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YAMAHA V-Star 1100 Motorcycle Enhancements Remote Oil Filter Installation Manual

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Filed Under (Yamaha) by admin on 10-11-2010

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Removing Your Old Filter and Beauty Cover In order to install the new Remote Oil Filter Kit, you’ll need to remove the stock Yamaha “beauty cover” and the old filter and filter cover. Remove the engine parts necessary to access the stock filter as outlined in the V-Star owner’s manual. The parts should come off in this order: 1. Muffler assembly 2. Front exhaust pipe 3. Rear brake reservoir cover bolt and brake cover (the reservoir should not be removed, it can remain in place and be moved aside as needed) 4. Right floorboard (this can be simply loosened, by loosening the two bolts underneath) With the above parts removed, you can remove the Allen bolts holding the beauty cover and filter cap from your engine. There are five Allen bolts holding the beauty cover (so named, because most of the cover just covers the chromed side of the engine There are five bolts holding the cover. Ignore the three on the “Yamaha” cap in the middle – these just hold the Yamaha cap to the beauty cover itself. One bolt is hidd – in this picture – just be the Yamaha ca en low p. The bottommost bolt on the beauty cover will likely leak some oil when you remove it – it holds on the inner oil filter cover. Once you remove the beauty cover, you can remove the oil filter cover, and the oil filter Keep these two “O” rings, you’ll need them for the remote kit Old oil filter. Toss it away; you’ll never need one again! Throw away the old filter, and carefully remove the orange and black “O” rings from the filter cover (see picture above). These two “O” rings will go on the new engine cap in the same order as on the old filter cover. “O” ring for bottom bolt. When the beauty cover and filter cover are removed, be sure not to lose the tiny “O” ring that the bottom bolt goes through. Preparing the Remote Oil Filter Kit Remove the orange and black “O” rings from the stock filter cover plate, and place them on the Remote Oil Filter Kit engine cap – black on the inside, orange on the outside – just like on the stock filter cover.

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Yamaha V-Star 650 Engine Guard REMOVAL AND INSTALLATION MANUAL

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Filed Under (Yamaha) by admin on 03-01-2012

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Protect the rear portion of the front fender with a towel or other thick, soft cloth. Remove the OEM engine guards if they have been installed on the motorcycle. Your new Barons engine guard will fasten to the frame at the same points as the OEM guard and will use the same hardware. 2. Or, if OEM engine guards are not present, remove the 14mm bolts from the underside of the drivers footpeg mounts. 3. Remove the 12mm upper engine mount bolts located on both sides of the frame. Replacement bolts are included with your new engine guard. 4. Position the engine guard so that the lower brackets point towards the rear of the motorcycle, and slide the engine guard into the space between the front wheel and the frame. 5. Raise the guard until the holes in the lower mounting brackets align with the vacated bolt holes beneath the drivers footpegs. Due to production line tolerances in both the motorcycle and the engine guard, the mounting brackets may be too wide or too narrow for the frame. If this is the case, remove the guard from the motorcycle. Place the guard on a flat, firm surface. Insert a towel or other protective material between the guard and the surface. Using a rubber mallet or a block of wood and a hammer, tap the lower brackets until they are correctly spaced. 6. Insert the large washers (supplied with the guard) between the rear face of the lower bracket and the frame. The washer fills the space between the lower mounting bracket and the footpeg mount. Reinsert the 14mm bolts and finger tighten. 7. Rotate the guard until the holes in the upper mounting brackets align with the empty holes on each side of the frame. 8. Insert the replacement 13mm bolts, along with their washers, and tighten securely. Tighten all other nuts and bolts securely. 9. Remove the protection on the front fender and you’re ready to ride. CAUTION!!! You must re-tighten all four of the engine guard mounting bolts after 100 miles of riding! Care & Cleaning: Engine guards take the full brunt of the worst of what the weather in your area has to offer, making it critical that proper and complete cleaning take place on a weekly basis, or corrosion will occur which is not covered by warranty! Proper cleaning procedure would be to use a product like Simple Green, LOC, Salt-Away or similar. Mix a strong batch and apply it liberally with a soft towel or soft nylon brush to the entire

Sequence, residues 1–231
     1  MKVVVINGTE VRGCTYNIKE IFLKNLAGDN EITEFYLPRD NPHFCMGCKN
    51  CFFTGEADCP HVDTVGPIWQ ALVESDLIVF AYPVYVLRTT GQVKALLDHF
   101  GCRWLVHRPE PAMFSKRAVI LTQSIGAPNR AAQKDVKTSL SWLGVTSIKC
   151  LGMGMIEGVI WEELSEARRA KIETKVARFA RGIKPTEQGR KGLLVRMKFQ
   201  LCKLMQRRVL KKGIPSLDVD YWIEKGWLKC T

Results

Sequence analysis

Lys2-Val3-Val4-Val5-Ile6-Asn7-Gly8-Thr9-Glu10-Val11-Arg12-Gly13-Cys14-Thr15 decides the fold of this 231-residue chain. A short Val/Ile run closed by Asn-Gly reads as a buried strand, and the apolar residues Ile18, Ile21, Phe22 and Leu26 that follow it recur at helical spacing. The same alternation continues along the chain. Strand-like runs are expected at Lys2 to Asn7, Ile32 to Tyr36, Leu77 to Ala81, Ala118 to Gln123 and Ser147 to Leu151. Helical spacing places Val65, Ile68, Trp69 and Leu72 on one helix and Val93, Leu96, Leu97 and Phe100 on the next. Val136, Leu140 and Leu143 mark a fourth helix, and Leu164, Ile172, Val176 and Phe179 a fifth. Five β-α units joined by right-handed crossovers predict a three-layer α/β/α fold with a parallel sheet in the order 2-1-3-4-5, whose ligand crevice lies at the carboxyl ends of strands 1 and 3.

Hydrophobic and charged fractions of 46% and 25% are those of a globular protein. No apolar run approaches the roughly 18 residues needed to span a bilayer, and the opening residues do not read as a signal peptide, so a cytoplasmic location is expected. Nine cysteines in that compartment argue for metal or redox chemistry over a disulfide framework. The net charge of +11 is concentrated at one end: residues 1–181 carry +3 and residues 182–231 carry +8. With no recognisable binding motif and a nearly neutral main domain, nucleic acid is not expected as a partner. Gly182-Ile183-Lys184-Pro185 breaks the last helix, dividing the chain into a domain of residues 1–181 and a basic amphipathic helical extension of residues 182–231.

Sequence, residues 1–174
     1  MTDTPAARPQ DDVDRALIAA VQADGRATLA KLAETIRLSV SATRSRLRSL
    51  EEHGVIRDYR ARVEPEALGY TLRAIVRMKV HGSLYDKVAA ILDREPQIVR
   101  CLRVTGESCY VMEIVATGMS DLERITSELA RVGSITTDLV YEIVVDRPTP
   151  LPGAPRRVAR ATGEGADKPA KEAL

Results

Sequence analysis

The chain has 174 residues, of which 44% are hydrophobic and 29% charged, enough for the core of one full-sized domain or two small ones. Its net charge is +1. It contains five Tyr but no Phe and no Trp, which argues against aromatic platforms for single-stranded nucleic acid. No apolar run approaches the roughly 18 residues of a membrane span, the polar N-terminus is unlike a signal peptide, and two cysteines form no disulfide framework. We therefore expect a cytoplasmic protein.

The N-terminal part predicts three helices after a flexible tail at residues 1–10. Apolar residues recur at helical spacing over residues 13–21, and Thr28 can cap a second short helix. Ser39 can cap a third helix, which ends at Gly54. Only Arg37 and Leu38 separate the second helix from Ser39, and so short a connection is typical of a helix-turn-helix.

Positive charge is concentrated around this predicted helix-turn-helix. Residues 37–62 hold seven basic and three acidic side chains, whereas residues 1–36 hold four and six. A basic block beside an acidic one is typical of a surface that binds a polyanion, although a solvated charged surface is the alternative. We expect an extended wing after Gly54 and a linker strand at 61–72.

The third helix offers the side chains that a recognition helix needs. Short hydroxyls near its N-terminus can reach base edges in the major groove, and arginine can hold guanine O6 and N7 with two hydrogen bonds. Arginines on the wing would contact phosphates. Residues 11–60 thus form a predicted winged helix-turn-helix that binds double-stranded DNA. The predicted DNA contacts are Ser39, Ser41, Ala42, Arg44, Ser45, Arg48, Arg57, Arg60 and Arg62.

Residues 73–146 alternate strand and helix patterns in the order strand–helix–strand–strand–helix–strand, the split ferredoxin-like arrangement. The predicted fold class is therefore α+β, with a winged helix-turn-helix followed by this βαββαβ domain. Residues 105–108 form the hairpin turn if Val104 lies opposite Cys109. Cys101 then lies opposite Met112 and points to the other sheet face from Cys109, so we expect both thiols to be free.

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Yamaha V-Star 650 Engine Guard Installation Manual

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Filed Under (Yamaha) by admin on 08-11-2010